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The Effects On Hungary As A New Member Nation In The European Union

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The Effects on Hungary as a New Member Nation in the European Union

Team 5

Paul Davis

Gulizar Halis

Kristin Hanlon

Alyson Heller

Overview/History of Hungary and the European Union

The nation of Hungary is a country that has come a long way in a short period of time. In the years since the fall of communism in 1989 in this country, Hungary has managed to establish an extremely prosperous economy and population. Because of this, Hungary has developed into one of Eastern EuropeЎЇs most attractive business environments. ÐŽoThe level of political, structural and economic stability it has achieved demonstrates the success of its transition into a modern market economy. ÐŽ± This stability has allowed for Hungary to become a member of numerous international organizations, such as the OECD, NATO, and most recently the European Union in May 2004. HungaryЎЇs membership in the EU, although short so far, has brought about many changes in the nation, both positive and negative. The nation has always served as a crossroads that connects Eastern Europe to Western Europe, and this coupled with EU membership will only allow HungaryЎЇs economy to grow more.

The Eastern European nation of Hungary has a population of a little more than 10.2 million people with about 2.5 million, or 25% of the country's population, living in and around the capital city of Budapest. HungaryЎЇs populace is made up of mostly Hungarians with ethnic minorities of Romanians, Germans, Serbs, and Slovaks. The nation is mostly Catholic with minority religions of Calvinism, Lutheran, and other religions. The life expectancy for the total population is 72.25 years and the literacy rate is very high, with 99.5% of the total population able to read and write, which demonstrates the exceptional educational system in this country. The nation has well-established transportation, communication, banking, insurance, accounting, and legal systems. All of this allows for a prosperous nation.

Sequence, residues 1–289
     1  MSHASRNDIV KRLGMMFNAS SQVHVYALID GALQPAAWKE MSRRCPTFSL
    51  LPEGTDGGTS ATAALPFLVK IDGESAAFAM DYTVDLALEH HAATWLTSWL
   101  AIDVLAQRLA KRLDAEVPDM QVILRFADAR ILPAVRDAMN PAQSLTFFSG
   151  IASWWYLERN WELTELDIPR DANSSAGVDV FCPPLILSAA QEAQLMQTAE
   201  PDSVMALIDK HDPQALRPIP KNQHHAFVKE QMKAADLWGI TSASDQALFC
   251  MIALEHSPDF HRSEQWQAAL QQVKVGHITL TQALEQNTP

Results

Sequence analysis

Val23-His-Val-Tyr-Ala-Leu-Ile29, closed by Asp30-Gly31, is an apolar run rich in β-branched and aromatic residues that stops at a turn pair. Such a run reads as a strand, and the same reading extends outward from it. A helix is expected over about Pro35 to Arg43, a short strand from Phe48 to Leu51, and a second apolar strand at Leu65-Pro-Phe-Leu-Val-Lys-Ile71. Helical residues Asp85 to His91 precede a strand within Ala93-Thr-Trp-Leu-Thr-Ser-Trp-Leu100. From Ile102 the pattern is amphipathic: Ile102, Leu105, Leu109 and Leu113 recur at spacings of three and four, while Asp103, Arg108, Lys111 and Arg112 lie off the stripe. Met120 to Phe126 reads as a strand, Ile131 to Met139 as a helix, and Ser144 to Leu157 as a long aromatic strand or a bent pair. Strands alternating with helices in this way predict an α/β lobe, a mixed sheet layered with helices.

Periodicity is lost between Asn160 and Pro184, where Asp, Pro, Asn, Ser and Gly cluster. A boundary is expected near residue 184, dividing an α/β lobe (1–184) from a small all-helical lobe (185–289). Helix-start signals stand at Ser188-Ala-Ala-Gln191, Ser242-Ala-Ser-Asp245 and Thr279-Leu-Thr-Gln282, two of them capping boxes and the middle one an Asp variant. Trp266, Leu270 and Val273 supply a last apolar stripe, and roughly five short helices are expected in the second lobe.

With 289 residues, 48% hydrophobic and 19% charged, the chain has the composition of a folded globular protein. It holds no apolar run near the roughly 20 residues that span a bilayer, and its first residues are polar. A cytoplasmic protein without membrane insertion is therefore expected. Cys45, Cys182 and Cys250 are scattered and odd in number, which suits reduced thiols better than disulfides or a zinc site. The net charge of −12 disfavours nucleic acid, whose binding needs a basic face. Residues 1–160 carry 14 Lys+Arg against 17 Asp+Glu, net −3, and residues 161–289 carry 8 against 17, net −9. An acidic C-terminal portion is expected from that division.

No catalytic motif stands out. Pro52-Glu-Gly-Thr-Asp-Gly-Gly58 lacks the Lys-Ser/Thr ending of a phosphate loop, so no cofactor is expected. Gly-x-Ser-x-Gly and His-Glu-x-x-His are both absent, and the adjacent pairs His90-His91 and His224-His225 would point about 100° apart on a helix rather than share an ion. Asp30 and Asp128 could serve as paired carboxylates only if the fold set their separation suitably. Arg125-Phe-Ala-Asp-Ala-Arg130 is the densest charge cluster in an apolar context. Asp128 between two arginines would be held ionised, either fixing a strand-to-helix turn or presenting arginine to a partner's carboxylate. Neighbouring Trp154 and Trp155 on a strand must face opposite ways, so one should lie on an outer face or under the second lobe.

For centuries Hungary had been part of the Holy Roman Empire under the rule of the Hapsburg monarchy. This was until the monarchy was overthrown during WWI and Hungary became a democratic republic; however political and social unrest continued for many years, with the government returning to a monarchy at the end of WWI. The nation also lost two-thirds of its territory as part of the unfair peace settlements following this war. This coupled with economic distress provided ÐŽoincentive for resurgent Hungarian nationalism. ÐŽ±

After World War II, Hungary became a republic once again and held democratic elections after which a coalition government was formed. However, the Hungarian Communist Party, supported by the Soviet army, did not accept the results and overthrew the lawful government and assumed power. Communist policies were implemented in the nation, including the collectivization of agriculture, forced development of heavy industry, and rigid central planning, all of which ruined the economy within a few years. Hungary also joined the USSR and other Eastern European Communist countries in forming the Warsaw Pact. In 1956, a revolt broke out against the communist government. This was at first successful, but then the Soviet army put down the rebellion and did so for any other revolts that followed in the years to come. As inflation grew, as the standard of living became lower, and as the economic condition of the country worsened, strong opposition to the government began to grow.